Can THC help PTSD? Read more and see why it can’t.

The Gazette Op/Ed — Sunday, July 12, 2015

For every military veteran appearing in a Colorado public meeting to advocate for the right to use marijuana to treat post-traumatic stress disorder, mental health professionals throughout Colorado estimate they’ve worked with thousands whose pot use made their PTSD — and their lives in general — much worse.

“I have seen marijuana use create so many more problems than it solves,” said Brian Lanier, a licensed clinical social worker and Army reservist in Colorado Springs who has worked more than 15 years with veterans and active-duty service members. “If nothing else, these people are just numbing themselves, which is definitely not appropriate treatment for PTSD. Telling someone to use marijuana for PTSD or any mental health problem is like telling them to go get drunk.”

Read more: http://m.gazette.com/editorial-thc-cant-help-ptsd-say-experts/article/1555371?utm_source=NFIA+List&utm_campaign=70b117aa29-July_15_2015_TMR_NFIA7_15_2015&utm_medium=email&utm_term=0_fcd3118b18-70b117aa29-334544445

EDITORIAL: A bust for medical marijuana

In this Friday, June 26, 2015 photo, different varieties of marijuana flowers are displayed at medical marijuana dispensary Kaya Shack in Portland, Ore. On July 1, recreational marijuana in Oregon is legal, but it's likely customers won't be able to buy the pot at medical dispensaries until October 1. (AP Photo/Gosia Wozniacka)
In this Friday, June 26, 2015 photo, different varieties of marijuana flowers are displayed at medical marijuana dispensary Kaya Shack in Portland, Ore. On July 1, recreational marijuana in Oregon is legal, but it’s likely customers won’t be able to buy the pot at medical dispensaries until October 1. (AP Photo/Gosia Wozniacka) 
– – Sunday, July 12, 2015

Celebrating the medical benefits, if any, of marijuana has been an effective ruse to win social acceptance for getting high. This was thoroughly predictable, and now it’s clear that the organized pot heads have been blowing smoke at us.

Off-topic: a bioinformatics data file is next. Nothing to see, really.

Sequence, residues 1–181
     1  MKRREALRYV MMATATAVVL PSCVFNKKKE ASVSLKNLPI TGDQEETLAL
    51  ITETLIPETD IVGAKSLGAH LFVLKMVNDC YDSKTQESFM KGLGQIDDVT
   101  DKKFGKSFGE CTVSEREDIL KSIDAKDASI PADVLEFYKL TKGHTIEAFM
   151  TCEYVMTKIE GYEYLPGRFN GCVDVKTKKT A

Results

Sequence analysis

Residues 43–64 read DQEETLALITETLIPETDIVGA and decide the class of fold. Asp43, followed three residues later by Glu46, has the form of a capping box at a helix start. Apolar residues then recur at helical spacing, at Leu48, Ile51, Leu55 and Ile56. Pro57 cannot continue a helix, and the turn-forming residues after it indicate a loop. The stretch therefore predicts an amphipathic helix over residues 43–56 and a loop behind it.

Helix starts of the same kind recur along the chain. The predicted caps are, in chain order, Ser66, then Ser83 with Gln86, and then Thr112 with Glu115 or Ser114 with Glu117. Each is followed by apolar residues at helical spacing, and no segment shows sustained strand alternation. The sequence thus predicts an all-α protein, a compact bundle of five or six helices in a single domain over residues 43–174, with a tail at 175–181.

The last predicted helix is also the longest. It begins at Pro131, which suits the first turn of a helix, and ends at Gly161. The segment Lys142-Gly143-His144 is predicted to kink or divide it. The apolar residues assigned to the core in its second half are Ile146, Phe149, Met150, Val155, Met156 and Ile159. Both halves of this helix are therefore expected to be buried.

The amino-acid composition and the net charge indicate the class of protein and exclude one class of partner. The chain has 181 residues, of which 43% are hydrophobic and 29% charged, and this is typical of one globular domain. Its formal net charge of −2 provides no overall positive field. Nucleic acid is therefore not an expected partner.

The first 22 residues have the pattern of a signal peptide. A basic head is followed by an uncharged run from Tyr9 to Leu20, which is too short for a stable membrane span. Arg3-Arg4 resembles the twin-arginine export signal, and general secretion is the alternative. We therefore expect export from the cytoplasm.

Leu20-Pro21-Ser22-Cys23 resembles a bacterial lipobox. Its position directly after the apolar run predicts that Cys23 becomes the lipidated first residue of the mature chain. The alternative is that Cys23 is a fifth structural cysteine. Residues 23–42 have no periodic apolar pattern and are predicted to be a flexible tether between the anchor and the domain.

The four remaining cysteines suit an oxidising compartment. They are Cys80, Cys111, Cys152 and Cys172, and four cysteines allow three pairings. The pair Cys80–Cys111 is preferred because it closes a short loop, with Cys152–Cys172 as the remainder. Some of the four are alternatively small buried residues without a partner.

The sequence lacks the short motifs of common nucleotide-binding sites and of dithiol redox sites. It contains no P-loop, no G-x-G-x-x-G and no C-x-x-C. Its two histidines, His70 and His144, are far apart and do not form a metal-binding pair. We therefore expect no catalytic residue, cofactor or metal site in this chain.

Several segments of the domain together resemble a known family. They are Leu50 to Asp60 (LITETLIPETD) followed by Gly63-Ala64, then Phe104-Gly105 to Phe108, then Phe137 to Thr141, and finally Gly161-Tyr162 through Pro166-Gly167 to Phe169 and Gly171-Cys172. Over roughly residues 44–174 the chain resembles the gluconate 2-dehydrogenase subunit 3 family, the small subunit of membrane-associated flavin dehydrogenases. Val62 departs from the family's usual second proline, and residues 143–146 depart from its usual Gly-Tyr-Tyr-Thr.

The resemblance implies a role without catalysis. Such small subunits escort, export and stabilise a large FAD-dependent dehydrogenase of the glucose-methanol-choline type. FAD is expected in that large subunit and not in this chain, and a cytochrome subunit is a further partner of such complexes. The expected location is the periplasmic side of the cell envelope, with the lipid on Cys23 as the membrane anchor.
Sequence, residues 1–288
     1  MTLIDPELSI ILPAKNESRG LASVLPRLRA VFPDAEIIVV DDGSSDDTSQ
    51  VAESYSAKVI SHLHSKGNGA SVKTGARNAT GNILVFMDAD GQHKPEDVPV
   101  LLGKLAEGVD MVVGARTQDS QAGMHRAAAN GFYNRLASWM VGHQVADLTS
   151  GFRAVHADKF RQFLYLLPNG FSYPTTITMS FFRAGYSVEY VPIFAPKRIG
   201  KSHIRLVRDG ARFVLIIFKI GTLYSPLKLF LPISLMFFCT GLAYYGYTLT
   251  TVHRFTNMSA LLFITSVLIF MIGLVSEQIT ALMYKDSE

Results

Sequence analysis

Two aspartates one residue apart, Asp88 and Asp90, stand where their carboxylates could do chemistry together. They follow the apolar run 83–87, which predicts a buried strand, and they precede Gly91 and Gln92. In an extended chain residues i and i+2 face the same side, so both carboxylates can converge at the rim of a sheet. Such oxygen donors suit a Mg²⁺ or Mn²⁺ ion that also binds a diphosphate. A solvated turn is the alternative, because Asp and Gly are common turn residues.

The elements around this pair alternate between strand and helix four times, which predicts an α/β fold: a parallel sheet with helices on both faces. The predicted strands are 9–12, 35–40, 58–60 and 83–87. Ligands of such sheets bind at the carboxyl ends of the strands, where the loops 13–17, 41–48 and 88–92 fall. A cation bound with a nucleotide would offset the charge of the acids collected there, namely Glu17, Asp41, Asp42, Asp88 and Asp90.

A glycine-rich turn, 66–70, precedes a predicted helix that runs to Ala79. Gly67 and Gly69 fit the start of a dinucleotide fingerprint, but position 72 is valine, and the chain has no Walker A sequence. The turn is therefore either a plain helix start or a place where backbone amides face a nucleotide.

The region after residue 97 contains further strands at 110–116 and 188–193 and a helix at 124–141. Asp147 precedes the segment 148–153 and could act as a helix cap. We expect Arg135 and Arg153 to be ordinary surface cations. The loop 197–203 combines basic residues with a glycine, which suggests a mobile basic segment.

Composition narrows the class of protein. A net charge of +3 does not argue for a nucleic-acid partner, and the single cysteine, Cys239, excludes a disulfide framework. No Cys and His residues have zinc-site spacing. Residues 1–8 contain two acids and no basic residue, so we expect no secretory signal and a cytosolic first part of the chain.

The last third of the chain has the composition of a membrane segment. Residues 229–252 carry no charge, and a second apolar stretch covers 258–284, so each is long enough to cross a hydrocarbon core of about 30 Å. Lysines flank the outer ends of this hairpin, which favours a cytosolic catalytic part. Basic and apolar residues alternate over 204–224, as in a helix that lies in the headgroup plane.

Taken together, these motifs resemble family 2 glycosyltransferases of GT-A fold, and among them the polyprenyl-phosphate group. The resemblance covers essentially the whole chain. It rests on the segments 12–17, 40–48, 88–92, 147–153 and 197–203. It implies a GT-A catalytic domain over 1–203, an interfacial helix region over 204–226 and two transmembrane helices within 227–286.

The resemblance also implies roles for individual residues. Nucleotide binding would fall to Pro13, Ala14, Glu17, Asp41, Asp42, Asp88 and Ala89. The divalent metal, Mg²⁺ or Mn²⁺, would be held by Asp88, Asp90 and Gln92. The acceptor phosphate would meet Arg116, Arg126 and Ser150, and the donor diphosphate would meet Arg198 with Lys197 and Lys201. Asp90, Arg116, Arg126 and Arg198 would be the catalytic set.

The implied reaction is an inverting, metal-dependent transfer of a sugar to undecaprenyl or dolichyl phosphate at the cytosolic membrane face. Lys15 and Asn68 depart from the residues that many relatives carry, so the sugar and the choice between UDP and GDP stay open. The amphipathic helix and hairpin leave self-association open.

This is the preliminary conclusion of a new wide-ranging study of the effects of medical pot. The rush toward legalization, like most whoring after new things, is likely doing considerably more harm than minuscule good.

Read more: http://www.washingtontimes.com/news/2015/jul/12/editorial-a-bust-for-medical-marijuana/#ixzz3g1BtGgHG
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Listen to Dr. McMasters Presentation on Addiction!

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ADDICTION, DEPENDENCE & MEDICATION ASSISTED TREATMENT

BY DR. MARY MCMASTERS, MD, FASAM

JULY 31, 2015 9:00 TO 11:00

NEW COLLEGE INSTITUTE, BALWIN BUILDING

Learning objectives of this FREE presentation include:

  • What recent brain research can teach us
  • Continuum of substance use disorders
  • Role of Medication Assisted Treatment including Methadone and Suboxone.

Dr. McMasters practices Addiction Medicine in Fishersville, VA. She is member of Governor’s Task Force on Prescription Drug Abuse and Heroin. She is a Fellow in Addiction Medicine, has contributed to medical texts, and is Co-Medical Director for project REMOTE, addressing the high rate of opioid deaths in far Southwest Virginia.

The presentation is FREE but preregistration is required by emailing rlaprade@piedmontcsb.org before Friday, July 24.

Sponsored by DRUG FREE MHC AND FRESH WITH SUPPORT FROM THE HARVEST FOUNDATION AND THE VIRGINIA DEPARTMENT OF BEHAVIORAL HEALTH & DEVELOPMENTAL SERVICES

Marijuana Summit: A Conversation in the Commonwealth

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CLOSED: Registration is still open for our second Marijuana Summit in the Commonwealth of Virginia. Please join us for an informative day about the reality of marijuana legalization.

For more information on the conference and lodging and to register visit: http://events.r20.constantcontact.com/register/event?llr=uabgshrab&oeidk=a07e9mb9rsibc61c536